My Favorite Books of 2019

Here we are, friends. It’s the end of the year, the end of a decade, and I’m gumming up the internet pipes with another “Best of 2019” book list. Of course, you could go any day of the year to Goodreads and get their Choice Awards Picks for your next book club meeting. But if you do, you’re going to be stuck thinking that Rachel Hollis is giving us the best there is to offer in non-fiction. Let’s leave that trash in the twenty-teens.

No, you’re here at The Cool Table to get good book recommendations from a trusted source: ME. The person you know who reads the most (-ly smut, but also good stuff here and there). Here are the best books that I read in 2019 that I can also, in good conscience, recommend to anyone.

Beth’s Best Books of 2019

The Color of Compromise by Jemar Tisby


The subtitle of this book is The Truth about the American Church’s Complicity in Racism and if that doesn’t tell you what a ripping good yarn it is, I can’t help you. In truth, this book was one of the most poignant I read all year. As a preacher’s kid (and grandkid) who lives in the south in a very racially segregated city, I have a personal historical stake in how the American church (and specifically the southern church) has grown up in the weeds of southern racism.

It was chilling to read about the ways in which Christianity has worked tirelessly since even before the Civil War to prop up the pillars of racism. It wasn’t the first time I’ve sat uncomfortably in deep grooves of racial injustice that shape our wooden church pews, but it was the first time I understood just how deep those grooves run.

Well Met By Jen DeLuca


There are days when you pick up a bright, fun romance novel and crack it carefully. I mean, who in the world knows what’s going to be inside a debut author’s mind? Well, when I read Well Met back in May it took me just a few pages to stop worrying and start winding my way through the woods of this adorable ren faire.

Super cute, sweet, and story-fied, Well Met makes most of the other contemporary romance novels of 2019 look like they tried too hard to do what debut author, Jen DeLuca, did effortlessly: make me laugh AND make me care. And make me miss high school drama clubs and hot guys in doublets.

The Poet X by Elizabeth Acevedo

You really don’t need me to recommend this book to you; it won the National Book Award and the Michael L Printz award in 2019, amongst others. It’s gorgeous and lyrical and reminiscent of Zora Neal Hurston and Melina Marchetta*.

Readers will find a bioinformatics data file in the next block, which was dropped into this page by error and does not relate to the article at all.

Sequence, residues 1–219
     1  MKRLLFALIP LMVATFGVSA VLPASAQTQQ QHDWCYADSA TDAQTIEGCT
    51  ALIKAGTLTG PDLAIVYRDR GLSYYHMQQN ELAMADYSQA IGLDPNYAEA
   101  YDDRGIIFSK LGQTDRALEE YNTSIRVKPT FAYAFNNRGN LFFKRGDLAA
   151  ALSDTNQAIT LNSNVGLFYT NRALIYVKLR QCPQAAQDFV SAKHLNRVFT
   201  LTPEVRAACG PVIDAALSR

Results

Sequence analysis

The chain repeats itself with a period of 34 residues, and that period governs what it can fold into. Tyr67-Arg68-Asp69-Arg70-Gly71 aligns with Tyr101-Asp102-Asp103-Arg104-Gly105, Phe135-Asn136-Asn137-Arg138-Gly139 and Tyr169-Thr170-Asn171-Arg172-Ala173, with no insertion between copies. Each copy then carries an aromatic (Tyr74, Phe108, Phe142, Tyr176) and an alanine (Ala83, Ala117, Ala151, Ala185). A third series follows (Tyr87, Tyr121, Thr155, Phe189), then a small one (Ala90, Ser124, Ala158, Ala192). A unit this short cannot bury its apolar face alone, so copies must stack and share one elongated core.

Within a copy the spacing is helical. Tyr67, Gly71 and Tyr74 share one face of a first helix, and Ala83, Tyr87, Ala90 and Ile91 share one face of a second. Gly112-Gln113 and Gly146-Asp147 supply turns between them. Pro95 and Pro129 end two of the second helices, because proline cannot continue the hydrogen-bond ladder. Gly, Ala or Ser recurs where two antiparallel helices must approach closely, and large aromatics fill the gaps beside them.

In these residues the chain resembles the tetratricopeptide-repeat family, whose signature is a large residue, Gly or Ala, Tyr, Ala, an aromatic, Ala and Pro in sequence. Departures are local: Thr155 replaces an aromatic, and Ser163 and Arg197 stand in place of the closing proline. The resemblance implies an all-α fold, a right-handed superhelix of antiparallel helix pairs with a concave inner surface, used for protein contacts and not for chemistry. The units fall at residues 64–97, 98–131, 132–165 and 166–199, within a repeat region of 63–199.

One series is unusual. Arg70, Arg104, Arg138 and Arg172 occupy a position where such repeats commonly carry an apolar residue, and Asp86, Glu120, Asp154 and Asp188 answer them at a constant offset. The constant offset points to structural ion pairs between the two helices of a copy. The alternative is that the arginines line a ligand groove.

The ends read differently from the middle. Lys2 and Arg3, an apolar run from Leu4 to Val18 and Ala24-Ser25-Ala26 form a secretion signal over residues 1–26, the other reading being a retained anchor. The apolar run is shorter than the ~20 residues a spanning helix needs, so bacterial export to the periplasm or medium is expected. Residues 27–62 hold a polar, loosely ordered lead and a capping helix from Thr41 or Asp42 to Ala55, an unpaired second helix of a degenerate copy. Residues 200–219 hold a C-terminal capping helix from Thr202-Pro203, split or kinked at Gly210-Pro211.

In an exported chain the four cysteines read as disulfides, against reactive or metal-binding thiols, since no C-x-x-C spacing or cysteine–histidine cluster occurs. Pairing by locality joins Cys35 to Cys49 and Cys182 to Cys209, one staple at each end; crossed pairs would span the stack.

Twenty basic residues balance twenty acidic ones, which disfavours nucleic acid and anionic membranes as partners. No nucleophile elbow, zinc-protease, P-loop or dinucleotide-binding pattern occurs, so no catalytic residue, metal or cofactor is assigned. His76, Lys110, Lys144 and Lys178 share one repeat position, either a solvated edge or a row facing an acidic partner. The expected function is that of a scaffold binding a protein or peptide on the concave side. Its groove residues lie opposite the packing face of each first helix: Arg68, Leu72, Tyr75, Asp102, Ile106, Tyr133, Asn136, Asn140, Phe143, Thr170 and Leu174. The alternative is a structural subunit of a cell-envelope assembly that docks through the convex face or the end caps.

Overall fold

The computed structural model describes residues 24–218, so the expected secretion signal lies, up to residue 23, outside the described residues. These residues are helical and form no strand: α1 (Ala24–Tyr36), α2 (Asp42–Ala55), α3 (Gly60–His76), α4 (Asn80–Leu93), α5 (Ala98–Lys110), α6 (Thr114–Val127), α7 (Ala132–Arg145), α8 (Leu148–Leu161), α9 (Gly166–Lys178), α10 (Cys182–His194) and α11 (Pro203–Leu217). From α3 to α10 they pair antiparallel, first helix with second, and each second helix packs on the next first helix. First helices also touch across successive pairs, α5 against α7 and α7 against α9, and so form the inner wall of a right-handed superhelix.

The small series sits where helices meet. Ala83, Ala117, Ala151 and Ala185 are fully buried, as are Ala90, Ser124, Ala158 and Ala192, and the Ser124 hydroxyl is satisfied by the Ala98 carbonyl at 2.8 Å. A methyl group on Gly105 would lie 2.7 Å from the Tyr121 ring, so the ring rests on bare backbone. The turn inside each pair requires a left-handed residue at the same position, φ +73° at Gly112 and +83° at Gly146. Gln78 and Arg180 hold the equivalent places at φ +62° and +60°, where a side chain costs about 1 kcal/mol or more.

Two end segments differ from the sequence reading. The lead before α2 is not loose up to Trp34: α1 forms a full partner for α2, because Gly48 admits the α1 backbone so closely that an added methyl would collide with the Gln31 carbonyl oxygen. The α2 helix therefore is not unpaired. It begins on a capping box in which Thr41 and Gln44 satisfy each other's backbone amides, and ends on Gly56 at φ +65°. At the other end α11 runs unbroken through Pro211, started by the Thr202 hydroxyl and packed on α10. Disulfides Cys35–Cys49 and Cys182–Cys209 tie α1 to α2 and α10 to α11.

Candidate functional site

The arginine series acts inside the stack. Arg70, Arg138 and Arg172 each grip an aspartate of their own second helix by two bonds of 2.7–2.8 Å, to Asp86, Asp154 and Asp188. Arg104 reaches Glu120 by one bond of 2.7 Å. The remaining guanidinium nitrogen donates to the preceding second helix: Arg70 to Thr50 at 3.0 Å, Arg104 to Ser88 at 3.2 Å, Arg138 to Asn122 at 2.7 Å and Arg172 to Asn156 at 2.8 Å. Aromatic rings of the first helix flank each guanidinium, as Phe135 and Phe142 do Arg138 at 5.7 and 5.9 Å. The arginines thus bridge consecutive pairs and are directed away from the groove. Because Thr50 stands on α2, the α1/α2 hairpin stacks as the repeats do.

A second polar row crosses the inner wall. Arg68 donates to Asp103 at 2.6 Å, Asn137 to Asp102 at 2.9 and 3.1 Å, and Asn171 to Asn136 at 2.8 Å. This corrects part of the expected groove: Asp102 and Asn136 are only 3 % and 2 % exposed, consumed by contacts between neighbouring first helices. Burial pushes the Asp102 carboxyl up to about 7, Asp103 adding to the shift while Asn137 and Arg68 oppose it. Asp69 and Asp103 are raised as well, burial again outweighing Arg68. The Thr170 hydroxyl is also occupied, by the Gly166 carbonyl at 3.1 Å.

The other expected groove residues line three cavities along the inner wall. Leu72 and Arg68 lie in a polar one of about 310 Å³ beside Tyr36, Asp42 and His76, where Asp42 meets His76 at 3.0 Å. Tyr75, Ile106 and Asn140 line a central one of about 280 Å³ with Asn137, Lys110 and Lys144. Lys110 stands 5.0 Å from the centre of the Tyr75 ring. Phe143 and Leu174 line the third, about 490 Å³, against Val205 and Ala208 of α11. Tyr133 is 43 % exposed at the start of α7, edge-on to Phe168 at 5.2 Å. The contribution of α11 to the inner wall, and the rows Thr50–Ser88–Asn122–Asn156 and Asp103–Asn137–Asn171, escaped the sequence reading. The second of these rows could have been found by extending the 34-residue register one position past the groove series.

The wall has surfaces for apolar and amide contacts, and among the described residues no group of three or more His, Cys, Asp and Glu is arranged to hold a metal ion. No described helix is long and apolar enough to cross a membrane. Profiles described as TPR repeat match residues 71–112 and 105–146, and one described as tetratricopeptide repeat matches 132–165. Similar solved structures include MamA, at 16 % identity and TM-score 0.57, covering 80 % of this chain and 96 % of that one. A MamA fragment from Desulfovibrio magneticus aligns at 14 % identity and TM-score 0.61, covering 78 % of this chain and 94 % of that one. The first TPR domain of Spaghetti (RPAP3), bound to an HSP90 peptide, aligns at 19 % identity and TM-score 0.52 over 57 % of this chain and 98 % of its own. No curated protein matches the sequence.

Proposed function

*more on her in a minute

A young Dominican-American girl in Harlem discovers that a leather-bound journal and a slam poetry group is her escape and redemption. It’s a novel about family and heritage and growing up and being a woman. And I can’t recommend it enough.

“We’re different, this poet and I. In looks, in body,
in background. But I don’t feel so different
when I listen to her. I feel heard.”


Red, White and Royal Blue by Casey McQuiston


Ok, here is one you will see on the Goodreads Choice Awards list, but I voted for it so I will allow it to be the center of the Venn Diagram of Books Beth Will Be Ok With and Books Goodreads Readers Think Are Good. Because Red, White and Royal Blue is a ridiculous delight of a romance. There’s a reason it’s so popular.

It follows the young first son of the newly-elected FEMALE U.S. President as he is forced to form a sham public relations friendship with The Prince of Wales. No, not that Prince of Wales. This one is fictional: a young, handsome, sweet biscuit of a British royal. The two of them together are inevitable and truly, truly romantic. Funny, warm and even political … this one deserves its place in the top tens lists.

The Place in Dalhousie by Melina Marchetta


Long-time recipients of my book recommendations will recognize this one for what it is: hero worship. Melina Marchetta is my *hands down* favorite author, and we waited A DECADE for her to write Jimmy Hailer’s story. And guess what? IT KILLED.

Dalhousie is a pseudo-sequel. It follows her novels, Saving Francesca and The Piper’s Son, but it also stands fully on its own two feet (those feet being perfect turns of phrase and gut-ripping relational connections, both Marchetta specialties). I wish I could tell you that it’s the plot of this novel that is going to wow you, or that the characters themselves are ZOMG!UNIQUE, but the unparalleled way that Marchetta writes is what is going to get you. Jimmy and Rosie would be the first to tell you that they aren’t really anything special. But this book is.

Catch and Kill by Ronan Farrow


I’m sidling up to the border of that Venn Diagram again with this recommendation because I’m pretty sure that Pulitzer Prize winning author Ronan Farrow’s runaway hit, Catch and Kill, made it to the semi-finals. But whatever, it also made its way to my very short list of Books I Read Until I Passed Out.

Anyone even tangentially aware of current events knows the milestone that Ronan Farrow’s reporting on Harvey Weinstein made on the #MeToo highway. Explosive and detailed, his New Yorker piece is where all #MeToo roads converge into a superhighway that no one can say they’ve never heard of. But his book detailing the secret intimidation campaign that Weinstein, his associates, an Israeli spy ring and some shady goons for hire waged on him and his producer reads like a fictional spy novel with just as many insane twists. Exposing the true un-limits of the halls of power in our media, Catch and Kill is a masterpiece.

I’m giving away a copy of Catch and Kill by Ronan Farrow! Take my tried and tested recommendations to heart and enter here!

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So … what were your Best Books of 2019?

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